Barrett scored 13 points on 4-7 shooting, and Hightower led LSU with 18 points on 6-12 shooting.

The Lady Tigers shot 39.3 percent (22-56) for the game and 66.7 percent (4-6) from behind the arc. They had 11 assists to 10 turnovers and three steals and had been averaging 9.6 thefts a game prior to Monday.

Tennessee won the rebounding battle, 38-33, one game after getting beat on the glass by Alabama, the worst rebounding team in the SEC. Monday's performance was perhaps cathartic for the team.

"I think it was very important," Brewer said. "It kind of helped us make a statement that we're not going to let one game get to us and continue to play like that. We knew what we did wrong (at Alabama), and we corrected it this game."

"This was a good way to finish up in this game and feel good about ourselves, especially with Kentucky coming up," Summitt said. "A lot of people got significant minutes, and it didn't hurt us going to the bench really, just a couple of situations, but overall I thought that everyone was very focused and did what they needed to do."

Tennessee shot 46.0 percent (29-63) for the game and 28.6 percent (2-7) behind the arc. Stricklen's three in the second half was the first of the game for Tennessee and increased the streak to 400 games with a made three-pointer. The last time the Lady Vols failed to connect from long range was against Florida in 1999.

The 10-10 performance from the line set a new team record for perfection. The previous marks were 9-9 against Southern Cal on April 1, 1984, and 6-6 against Chattanooga on Dec. 5, 1984.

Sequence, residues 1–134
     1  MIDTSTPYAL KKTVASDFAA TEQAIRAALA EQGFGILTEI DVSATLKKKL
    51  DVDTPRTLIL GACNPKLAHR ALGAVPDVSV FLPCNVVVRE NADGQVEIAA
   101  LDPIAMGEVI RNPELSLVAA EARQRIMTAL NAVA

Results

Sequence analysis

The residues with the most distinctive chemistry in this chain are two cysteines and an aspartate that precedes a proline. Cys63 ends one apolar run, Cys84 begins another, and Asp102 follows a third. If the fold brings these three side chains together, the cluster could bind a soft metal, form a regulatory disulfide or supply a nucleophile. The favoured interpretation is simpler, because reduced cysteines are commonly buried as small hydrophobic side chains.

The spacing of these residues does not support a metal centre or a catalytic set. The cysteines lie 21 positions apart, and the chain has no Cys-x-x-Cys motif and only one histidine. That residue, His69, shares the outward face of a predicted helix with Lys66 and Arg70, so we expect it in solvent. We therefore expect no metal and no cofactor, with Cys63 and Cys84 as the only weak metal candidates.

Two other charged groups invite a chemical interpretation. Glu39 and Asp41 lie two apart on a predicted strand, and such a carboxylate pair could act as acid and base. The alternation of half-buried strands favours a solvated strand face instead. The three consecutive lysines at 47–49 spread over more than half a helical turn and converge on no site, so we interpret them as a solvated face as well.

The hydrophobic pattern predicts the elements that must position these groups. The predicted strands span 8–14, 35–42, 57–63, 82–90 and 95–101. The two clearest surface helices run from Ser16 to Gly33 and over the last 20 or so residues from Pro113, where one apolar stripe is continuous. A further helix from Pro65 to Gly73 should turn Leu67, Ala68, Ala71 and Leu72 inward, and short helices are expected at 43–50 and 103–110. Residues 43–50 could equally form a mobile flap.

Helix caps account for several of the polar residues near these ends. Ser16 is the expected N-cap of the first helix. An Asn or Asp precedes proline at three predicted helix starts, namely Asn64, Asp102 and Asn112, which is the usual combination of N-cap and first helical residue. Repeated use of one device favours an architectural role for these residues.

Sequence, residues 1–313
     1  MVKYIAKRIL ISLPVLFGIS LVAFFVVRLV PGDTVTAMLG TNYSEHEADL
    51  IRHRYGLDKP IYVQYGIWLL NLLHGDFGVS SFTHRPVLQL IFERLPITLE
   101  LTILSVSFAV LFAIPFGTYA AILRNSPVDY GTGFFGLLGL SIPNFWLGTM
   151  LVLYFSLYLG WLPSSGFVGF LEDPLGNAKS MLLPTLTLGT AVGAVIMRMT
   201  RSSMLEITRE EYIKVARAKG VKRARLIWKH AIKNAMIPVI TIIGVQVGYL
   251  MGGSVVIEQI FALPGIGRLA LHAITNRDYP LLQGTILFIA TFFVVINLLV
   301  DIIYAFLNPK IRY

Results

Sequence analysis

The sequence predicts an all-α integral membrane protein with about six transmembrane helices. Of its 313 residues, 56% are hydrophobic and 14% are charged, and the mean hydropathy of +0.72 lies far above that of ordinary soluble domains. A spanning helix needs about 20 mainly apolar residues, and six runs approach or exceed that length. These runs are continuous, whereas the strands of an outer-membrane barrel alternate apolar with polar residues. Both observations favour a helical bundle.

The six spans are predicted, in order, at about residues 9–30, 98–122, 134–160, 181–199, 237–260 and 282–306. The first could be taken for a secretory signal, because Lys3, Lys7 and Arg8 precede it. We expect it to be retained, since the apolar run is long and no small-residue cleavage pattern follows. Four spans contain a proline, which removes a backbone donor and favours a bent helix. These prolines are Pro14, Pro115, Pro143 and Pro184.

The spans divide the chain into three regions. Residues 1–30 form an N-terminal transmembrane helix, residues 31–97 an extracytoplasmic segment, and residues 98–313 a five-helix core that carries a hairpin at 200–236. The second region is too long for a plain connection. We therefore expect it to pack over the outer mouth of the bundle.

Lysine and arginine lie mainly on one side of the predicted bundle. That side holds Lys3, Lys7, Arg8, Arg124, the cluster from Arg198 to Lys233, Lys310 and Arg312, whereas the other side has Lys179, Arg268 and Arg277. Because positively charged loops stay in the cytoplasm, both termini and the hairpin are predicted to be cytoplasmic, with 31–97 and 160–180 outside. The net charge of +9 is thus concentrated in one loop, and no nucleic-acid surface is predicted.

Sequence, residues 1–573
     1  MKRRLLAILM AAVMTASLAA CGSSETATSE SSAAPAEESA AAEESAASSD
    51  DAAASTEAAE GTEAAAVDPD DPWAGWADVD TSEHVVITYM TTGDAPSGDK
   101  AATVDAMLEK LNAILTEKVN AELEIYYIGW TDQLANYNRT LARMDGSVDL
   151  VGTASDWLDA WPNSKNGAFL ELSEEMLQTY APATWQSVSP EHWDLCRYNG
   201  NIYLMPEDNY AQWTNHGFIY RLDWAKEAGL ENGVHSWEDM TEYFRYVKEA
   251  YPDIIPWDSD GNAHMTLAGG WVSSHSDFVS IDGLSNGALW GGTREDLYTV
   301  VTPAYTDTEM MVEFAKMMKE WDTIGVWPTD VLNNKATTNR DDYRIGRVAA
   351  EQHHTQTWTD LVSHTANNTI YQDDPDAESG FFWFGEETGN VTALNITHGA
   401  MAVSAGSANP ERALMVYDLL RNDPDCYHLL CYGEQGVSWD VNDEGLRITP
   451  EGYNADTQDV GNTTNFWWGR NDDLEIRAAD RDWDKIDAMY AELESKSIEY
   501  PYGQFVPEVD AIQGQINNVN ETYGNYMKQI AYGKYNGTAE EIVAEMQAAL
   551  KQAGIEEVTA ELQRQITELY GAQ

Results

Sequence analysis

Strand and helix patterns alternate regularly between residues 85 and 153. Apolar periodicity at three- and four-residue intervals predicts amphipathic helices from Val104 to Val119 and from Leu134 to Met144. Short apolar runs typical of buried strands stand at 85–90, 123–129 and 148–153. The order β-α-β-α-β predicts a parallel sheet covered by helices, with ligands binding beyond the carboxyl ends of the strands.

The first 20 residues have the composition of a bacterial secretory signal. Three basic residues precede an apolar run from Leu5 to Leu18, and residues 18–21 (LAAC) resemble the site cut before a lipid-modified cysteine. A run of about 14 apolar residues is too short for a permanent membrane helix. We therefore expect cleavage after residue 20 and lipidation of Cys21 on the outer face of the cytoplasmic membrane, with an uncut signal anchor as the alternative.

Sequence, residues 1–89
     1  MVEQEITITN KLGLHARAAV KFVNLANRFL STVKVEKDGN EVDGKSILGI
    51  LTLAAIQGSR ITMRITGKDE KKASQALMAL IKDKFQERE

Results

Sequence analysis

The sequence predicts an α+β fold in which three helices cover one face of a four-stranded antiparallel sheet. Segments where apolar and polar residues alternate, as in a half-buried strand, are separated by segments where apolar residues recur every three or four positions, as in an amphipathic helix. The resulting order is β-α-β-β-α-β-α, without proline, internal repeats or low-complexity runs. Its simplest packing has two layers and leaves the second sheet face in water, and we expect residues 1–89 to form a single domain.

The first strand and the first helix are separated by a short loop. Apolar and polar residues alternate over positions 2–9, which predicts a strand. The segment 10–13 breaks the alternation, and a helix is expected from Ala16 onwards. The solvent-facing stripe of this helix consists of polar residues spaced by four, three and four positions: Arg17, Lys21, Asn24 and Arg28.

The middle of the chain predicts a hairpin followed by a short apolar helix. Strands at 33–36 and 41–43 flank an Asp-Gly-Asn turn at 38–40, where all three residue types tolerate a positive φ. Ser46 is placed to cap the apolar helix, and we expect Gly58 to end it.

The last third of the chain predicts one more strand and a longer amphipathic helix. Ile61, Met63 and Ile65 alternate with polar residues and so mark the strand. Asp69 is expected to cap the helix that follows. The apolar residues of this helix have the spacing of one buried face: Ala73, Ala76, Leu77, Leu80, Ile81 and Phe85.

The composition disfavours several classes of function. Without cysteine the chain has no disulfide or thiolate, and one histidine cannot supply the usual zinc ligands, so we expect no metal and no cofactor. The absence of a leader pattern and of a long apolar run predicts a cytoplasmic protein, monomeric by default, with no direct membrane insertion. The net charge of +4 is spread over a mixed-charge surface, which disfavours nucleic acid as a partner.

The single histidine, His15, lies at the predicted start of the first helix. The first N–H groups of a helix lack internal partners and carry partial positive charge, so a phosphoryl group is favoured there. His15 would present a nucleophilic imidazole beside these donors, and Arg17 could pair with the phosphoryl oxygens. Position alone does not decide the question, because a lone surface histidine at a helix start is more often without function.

The 14 total blocks set a new Tennessee team record, surpassing the 13 swats against Eastern Kentucky in 1987. Cain now has 140 career blocks and is in sixth place on the career list with Nicky Anosike at the fifth spot with 161. Cain's 12 blocks left her one shy of the SEC single-game record of 13, held by Marita Payne of Auburn against Arkansas in 2005 and put her in first place over Ashley Robinson in Tennessee's record book for single game.

"Ashley called me the other day and asked me how our post game looked, and I said, ‘Kelley Cain is pretty good,' " Summitt said with a smile. "So is Lyssi Brewer, and I think that our size inside was effective. Glory did some really nice things for us.

"It's a team that is not selfish. It's a team that's really committed to ball movement, player movement, defensive play. They play a lot better together now, and I think that's because we've played a lot games, and we've had a lot of repetition in practice. So, I am very, very pleased for them."

That was evident in the assist numbers – 20 helpers on 29 made baskets.

"I thought we did a great job of sharing the ball, 20 assists that's huge for us," Bjorklund said. "We've been working on moving without the ball, playing inside out. I thought the posts did a great job of stepping up this game and really attacking their defense and getting great position. We just played to our strengths, which is going inside."